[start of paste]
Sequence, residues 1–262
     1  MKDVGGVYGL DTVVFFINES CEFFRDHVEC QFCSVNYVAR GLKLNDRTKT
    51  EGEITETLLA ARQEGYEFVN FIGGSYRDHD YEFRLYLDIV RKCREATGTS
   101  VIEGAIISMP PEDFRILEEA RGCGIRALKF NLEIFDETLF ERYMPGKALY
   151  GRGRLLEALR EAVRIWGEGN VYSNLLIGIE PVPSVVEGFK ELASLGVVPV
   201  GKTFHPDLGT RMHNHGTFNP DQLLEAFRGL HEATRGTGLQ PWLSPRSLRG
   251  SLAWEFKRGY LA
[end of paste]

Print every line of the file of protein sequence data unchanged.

Sequence, residues 1–262
     1  MKDVGGVYGL DTVVFFINES CEFFRDHVEC QFCSVNYVAR GLKLNDRTKT
    51  EGEITETLLA ARQEGYEFVN FIGGSYRDHD YEFRLYLDIV RKCREATGTS
   101  VIEGAIISMP PEDFRILEEA RGCGIRALKF NLEIFDETLF ERYMPGKALY
   151  GRGRLLEALR EAVRIWGEGN VYSNLLIGIE PVPSVVEGFK ELASLGVVPV
   201  GKTFHPDLGT RMHNHGTFNP DQLLEAFRGL HEATRGTGLQ PWLSPRSLRG
   251  SLAWEFKRGY LA